Learning displays its own fashion sense
As parents, we love to romanticize the start of school.
We naturally try to capture those images, grabbing for our cameras to get a few snapshots.
But starting seventh grade, Becca informed us that she no longer wanted us to take first-day photos. (Though she did allow me to snap a photo of her and her sister, Bailey, before we left the house.)
Not only that, Becca insisted on being dropped off at school. When you're in junior high, you don't want to be chaperoned by your parents on the first day of school. It's just not cool.
Bailey, our third-grader, doesn't like the first-day-of-school pictures any more than Becca. I did accompany Bailey to her classroom on the first day of school. In past years, I captured a portrait of her standing by her teacher.
Not anymore. Bailey wouldn't even smile for me as she transferred her school supplies from her backpack to her desk. There were few parents in the room, and Bailey gave me that Dad-don't-embarrass-me look. I talked briefly with Bailey's teacher and then left, not wanting to be in the way and certain that it was too late for a Kodak moment at the start of this school year.
At least in third grade, the rules seem simpler. And I didn't see a mannequin anywhere.
That wasn't the case during orientation at the junior high school. School officials displayed two mannequins in the main hallway, showing off just what not to wear to school.
Students can have pierced ears, but anything else that is pierced better be covered up, according to school policy.
Students also can't have orange, green or otherwise unnatural hair colors. Tops with spaghetti straps are on the banned list.
In an age when children worry more than ever about how they look, school fashion is serious business. Even the locks that students buy for their gym lockers now come in a whole series of fashionable colors.
School fashion is particularly important to girls. Becca and her friends want to go to school in style.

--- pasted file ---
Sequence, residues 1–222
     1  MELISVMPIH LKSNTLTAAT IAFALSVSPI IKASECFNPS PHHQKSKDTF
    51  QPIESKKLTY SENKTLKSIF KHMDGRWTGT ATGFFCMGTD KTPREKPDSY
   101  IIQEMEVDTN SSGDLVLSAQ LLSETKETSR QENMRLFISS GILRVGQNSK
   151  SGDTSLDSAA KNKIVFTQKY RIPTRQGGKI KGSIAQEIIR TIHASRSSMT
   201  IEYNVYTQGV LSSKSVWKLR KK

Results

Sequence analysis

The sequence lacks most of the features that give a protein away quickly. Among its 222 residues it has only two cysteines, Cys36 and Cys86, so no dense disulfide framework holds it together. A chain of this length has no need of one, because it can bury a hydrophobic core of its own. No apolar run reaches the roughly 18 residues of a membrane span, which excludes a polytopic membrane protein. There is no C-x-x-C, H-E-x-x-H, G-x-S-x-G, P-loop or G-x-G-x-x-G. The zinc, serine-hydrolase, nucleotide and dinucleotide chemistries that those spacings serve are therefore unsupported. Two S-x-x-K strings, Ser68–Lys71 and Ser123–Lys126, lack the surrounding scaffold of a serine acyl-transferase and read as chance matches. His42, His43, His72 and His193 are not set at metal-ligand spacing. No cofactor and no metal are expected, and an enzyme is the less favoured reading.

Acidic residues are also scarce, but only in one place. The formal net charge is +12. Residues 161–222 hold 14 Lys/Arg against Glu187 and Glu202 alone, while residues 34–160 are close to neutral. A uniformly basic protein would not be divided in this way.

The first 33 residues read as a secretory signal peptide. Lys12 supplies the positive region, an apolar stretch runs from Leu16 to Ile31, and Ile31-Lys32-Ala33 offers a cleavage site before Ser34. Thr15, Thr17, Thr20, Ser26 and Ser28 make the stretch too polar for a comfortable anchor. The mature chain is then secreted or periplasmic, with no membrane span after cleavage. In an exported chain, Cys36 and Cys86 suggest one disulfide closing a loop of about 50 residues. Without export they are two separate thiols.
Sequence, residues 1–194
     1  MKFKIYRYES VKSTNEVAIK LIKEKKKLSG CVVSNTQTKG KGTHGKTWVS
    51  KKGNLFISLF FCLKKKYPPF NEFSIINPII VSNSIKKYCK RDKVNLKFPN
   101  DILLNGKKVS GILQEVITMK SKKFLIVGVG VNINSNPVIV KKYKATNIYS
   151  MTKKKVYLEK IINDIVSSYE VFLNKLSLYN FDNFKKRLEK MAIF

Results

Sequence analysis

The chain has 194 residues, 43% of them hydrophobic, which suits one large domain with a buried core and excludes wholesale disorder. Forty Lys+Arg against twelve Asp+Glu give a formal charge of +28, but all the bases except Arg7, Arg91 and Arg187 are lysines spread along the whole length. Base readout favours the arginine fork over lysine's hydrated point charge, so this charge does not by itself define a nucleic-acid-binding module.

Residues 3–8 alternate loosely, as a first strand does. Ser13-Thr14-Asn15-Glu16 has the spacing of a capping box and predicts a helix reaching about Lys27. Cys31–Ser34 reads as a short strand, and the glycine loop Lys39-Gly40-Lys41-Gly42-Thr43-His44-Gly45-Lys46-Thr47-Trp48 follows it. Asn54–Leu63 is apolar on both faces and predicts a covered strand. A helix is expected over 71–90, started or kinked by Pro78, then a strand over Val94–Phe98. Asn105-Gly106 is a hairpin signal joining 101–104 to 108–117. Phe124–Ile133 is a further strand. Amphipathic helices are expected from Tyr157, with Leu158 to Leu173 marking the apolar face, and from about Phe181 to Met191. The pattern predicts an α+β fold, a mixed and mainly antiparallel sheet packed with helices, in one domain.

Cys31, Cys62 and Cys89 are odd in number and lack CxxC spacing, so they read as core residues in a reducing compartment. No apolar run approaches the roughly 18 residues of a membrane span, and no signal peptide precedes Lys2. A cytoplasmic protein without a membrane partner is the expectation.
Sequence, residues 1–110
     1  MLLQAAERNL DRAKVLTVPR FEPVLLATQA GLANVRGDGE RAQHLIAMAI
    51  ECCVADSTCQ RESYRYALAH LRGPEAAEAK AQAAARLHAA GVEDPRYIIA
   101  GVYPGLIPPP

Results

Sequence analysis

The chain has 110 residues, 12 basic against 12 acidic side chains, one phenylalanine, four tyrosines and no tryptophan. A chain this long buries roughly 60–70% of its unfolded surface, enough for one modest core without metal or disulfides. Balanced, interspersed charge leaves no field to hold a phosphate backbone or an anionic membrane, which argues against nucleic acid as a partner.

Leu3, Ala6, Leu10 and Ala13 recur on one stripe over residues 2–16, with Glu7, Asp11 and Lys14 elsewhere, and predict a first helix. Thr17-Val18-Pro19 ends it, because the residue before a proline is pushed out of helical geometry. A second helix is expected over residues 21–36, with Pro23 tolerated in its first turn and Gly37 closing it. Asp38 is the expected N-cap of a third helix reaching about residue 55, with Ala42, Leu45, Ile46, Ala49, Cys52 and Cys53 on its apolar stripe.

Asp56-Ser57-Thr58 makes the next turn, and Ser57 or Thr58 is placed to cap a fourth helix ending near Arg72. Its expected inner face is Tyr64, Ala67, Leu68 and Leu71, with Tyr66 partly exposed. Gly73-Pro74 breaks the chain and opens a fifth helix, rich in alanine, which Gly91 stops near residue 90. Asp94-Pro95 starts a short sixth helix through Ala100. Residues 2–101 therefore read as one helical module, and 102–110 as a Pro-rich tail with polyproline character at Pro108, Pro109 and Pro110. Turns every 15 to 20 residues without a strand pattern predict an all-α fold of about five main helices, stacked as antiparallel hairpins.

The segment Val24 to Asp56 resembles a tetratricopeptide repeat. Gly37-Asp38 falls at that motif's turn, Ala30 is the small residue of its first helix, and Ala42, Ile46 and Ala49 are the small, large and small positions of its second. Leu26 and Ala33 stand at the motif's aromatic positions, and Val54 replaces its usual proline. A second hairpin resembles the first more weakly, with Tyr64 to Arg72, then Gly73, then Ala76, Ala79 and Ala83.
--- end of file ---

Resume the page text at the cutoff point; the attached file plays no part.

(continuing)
Fortunately for Becca, that style doesn't include green or orange hair or other banned looks.
But the dress code isn't as big a deal for the students as the bathroom code, which severely limits how many times students can go to the bathroom during class periods over the course of the school year. Such interruptions are marked down on the students' ID badges.
In our increasingly security-conscious age, students have to wear ID cards. It used to be you didn't have to have an ID card until you got to college. Of course, kids didn't bring guns to school either.
When I was in junior high, there were no ID badges to wear.
Of course, there have always been dress codes. Today's code just seems a little more detailed than in the past.
In my high school, the journalism teacher used to stop girls in the hallways and use a yardstick to measure if their skirts were too short. But otherwise most of us didn't give the dress code a second thought.
School officials back then seemed more worried about catching students smoking in the bathrooms.
But then they didn't have to worry about belly-button rings or baggy pants worn too low.
As for Bailey, her biggest fashion worry in third grade is having a good pair of sandals.
Regardless of dress codes, one thing is certain: Learning has a style all its own.
Mark Bliss is a staff writer for the Southeast Missourian.